A VFX artist who lost his job with Lucasfilm in Singapore has accused the company of firing him because of his wife’s difficult pregnancy. He alleges that the company terminated him when her condition worsened, and that the ordeal cost him at least $41,000. He says he does not intend to sue, but it is unclear if he could sustain a lawsuit for pregnancy discrimination, at least under U.S. or New York law. His allegations offer a view of the difficulties pregnant women and their spouses can face, especially in employment situations that send them far from home.
Luis Pages is a Venezuelan-born VFX artist with a decade of experience in the film industry. His resume includes titles like Avatar and Harry Potter and the Order of the Phoenix. According to the Hollywood Reporter, Lucasfilm’s Singapore division offered him a position that included “Full Medical Coverage Insurance,” provided he relocate to Singapore. After their move to Singapore, Pages’ wife Anastasia became pregnant. They learned that she had a rare condition known as Ehlers Danlos Syndrome, which can cause risky complications in pregnancies. After the diagnosis, Pages’ learned that the insurance coverage included in his deal with Lucasfilm did not include prenatal care.
Lucasfilm Singapore’s head of human resources suggested that Anastasia go to Russia, where she would have health coverage. Pages would have to remain in Singapore to fulfill his contract. They agreed, and Pages requested two weeks’ leave to take her to Russia. Lucasfilm reportedly agreed to this request, but Pages noticed after his departure that he did not receive his monthly paycheck. In response to his inquiry about the paycheck, he received an e-mail informing him that his employment with Lucasfilm had been terminated. He requested a reason and was told that, since his employment was probationary, the company was not obligated to give a reason. He believes it was because of his wife’s condition. Pages says he does not want to sue, but he wants to publicize the story for others who have had similar experiences.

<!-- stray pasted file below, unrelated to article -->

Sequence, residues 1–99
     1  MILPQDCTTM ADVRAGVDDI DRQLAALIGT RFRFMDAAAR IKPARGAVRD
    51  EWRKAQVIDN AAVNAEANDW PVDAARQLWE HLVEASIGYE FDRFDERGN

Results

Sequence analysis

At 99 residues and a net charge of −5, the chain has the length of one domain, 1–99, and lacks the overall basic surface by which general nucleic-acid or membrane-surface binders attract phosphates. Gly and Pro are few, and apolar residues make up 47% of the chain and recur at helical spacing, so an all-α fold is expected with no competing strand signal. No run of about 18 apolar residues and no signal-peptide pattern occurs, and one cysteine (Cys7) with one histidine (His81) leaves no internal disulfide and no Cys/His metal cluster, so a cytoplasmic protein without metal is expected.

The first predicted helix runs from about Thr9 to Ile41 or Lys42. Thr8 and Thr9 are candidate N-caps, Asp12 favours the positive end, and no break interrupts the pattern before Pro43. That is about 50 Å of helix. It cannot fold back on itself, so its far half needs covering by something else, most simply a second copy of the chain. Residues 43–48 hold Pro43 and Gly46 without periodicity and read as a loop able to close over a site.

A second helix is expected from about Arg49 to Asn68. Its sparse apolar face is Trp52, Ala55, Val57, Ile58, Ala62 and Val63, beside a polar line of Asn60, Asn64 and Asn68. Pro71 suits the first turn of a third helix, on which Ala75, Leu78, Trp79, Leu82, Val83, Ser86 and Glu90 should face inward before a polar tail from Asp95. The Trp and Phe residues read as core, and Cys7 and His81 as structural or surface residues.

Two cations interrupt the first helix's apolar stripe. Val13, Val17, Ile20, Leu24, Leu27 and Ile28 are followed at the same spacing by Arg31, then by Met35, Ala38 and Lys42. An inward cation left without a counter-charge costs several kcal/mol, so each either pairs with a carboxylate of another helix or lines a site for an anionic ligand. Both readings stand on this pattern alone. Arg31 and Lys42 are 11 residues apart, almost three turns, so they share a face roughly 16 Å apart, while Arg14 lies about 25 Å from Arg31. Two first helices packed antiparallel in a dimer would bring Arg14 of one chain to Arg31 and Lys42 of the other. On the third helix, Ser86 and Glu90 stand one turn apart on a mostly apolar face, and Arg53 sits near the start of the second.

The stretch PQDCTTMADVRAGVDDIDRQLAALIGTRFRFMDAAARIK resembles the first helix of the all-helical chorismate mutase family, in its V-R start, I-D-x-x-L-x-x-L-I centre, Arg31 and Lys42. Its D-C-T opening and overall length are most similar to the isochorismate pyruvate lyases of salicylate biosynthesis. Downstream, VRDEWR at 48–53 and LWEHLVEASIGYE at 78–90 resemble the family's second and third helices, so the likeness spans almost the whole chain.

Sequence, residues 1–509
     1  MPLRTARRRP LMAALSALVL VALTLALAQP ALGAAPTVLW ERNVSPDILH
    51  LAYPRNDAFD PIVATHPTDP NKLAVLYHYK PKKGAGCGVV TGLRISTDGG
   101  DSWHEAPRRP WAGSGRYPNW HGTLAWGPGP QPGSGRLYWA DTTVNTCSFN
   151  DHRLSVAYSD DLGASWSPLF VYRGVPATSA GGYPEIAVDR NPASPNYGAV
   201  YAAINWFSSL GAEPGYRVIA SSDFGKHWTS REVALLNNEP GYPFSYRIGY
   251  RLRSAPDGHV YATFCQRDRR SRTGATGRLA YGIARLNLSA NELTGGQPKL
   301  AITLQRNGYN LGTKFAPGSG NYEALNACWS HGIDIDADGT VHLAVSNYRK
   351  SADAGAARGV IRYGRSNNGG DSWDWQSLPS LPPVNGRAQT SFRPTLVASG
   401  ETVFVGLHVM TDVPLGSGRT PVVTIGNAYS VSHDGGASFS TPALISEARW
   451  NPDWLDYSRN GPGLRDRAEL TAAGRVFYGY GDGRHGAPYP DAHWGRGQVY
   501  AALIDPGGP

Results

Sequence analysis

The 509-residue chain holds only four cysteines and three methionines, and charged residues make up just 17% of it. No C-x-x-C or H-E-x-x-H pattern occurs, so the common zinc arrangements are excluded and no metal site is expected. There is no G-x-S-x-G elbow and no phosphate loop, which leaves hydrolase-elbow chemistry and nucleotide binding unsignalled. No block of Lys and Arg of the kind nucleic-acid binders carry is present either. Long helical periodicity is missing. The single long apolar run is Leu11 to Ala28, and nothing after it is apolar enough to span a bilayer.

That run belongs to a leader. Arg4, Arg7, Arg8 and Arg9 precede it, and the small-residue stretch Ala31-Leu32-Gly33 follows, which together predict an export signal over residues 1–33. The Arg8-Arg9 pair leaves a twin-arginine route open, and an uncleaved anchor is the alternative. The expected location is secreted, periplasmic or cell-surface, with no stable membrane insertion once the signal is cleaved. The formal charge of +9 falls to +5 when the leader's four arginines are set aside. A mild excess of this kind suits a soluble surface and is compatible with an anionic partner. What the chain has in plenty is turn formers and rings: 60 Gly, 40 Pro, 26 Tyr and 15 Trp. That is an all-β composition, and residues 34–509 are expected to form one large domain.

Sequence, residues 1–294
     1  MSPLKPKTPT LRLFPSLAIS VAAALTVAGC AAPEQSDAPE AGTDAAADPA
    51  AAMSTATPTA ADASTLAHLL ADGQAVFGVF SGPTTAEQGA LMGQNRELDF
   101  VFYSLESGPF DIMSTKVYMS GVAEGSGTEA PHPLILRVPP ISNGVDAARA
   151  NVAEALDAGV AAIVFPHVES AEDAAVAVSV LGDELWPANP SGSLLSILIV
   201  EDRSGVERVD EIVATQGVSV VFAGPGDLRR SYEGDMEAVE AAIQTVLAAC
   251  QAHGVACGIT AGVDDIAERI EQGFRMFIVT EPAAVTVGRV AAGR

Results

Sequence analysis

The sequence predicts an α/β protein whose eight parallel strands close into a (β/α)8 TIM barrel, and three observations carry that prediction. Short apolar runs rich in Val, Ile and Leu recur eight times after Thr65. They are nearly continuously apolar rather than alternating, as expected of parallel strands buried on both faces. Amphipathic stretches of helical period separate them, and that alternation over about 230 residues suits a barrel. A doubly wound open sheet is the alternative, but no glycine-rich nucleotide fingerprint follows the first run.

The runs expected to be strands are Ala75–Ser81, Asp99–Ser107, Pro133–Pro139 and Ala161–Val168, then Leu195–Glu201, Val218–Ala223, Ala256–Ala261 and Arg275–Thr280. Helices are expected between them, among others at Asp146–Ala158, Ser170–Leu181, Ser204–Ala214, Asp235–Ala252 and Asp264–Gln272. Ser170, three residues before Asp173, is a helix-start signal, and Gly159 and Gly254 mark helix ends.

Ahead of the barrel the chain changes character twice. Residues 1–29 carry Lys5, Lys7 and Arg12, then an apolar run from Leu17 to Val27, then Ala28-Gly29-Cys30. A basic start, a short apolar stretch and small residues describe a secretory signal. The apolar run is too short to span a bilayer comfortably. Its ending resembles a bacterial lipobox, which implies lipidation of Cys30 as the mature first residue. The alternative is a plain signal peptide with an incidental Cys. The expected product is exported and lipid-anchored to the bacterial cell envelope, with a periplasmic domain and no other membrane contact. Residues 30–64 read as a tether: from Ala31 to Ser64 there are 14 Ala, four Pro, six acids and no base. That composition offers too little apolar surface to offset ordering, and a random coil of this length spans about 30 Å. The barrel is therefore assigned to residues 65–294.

Lucasfilm has recently had other issues with pregnancy discrimination. In June 2010, a jury in Marin County, California found that the company wrongfully discriminated against a female employee. The plaintiff, Julie Veronese, had sought employment as an assistant to the manager of George Lucas’ private estate in San Anselmo. She signed a thirty-day contract in anticipation of a full-time offer, but delayed her start date due to pregnancy. Lucasfilm did not give her a new start date for about two months, and she accused the company of changing the job and the job duties because of her pregnancy. Lucasfilm reportedly terminated her at that point. She filed suit in state court, and after lengthy discovery and a trial, the jury awarded her over $100,000 in damages.
In New York, laws at the city, state, and federal level prohibit employment discrimination based on pregnancy. These laws usually apply to an employee who becomes pregnant, although a spouse might have a claim that can be joined to the employee’s suit. In Pages’ case, since he was the employee, it is not clear whether he would have a claim under New York’s anti-discrimination laws (setting aside for the moment the fact that the alleged events occurred far away from New York.)
At Phillips & Associates, we work to safeguard the rights of employees and job seekers in the New York City area who have experienced pregnancy discrimination and other forms of employment discrimination in violation of federal, state, and local laws. Contact us today online or at (212) 248-7431 to schedule a free and confidential consultation.
More Blog Posts:
EEOC Issues Pregnancy Discrimination Warning to Employers Who Screen Job Applicants’ Social Media Profiles, New York Employment Attorney Blog, October 19, 2012
Former Bank VP Adds Retaliation Claim to Pending New York Pregnancy Discrimination Lawsuit, New York Employment Attorney Blog, October 5, 2012
Pregnancy Can Still Mean Penalties at Work for Many New Yorkers, New York Employment Attorney Blog, September 14, 2012
Photo credit: ‘Jango Fett’ by Sam Howzit (originally posted to Flickr as Jango Fett) [CC-BY-2.0], via Wikimedia Commons.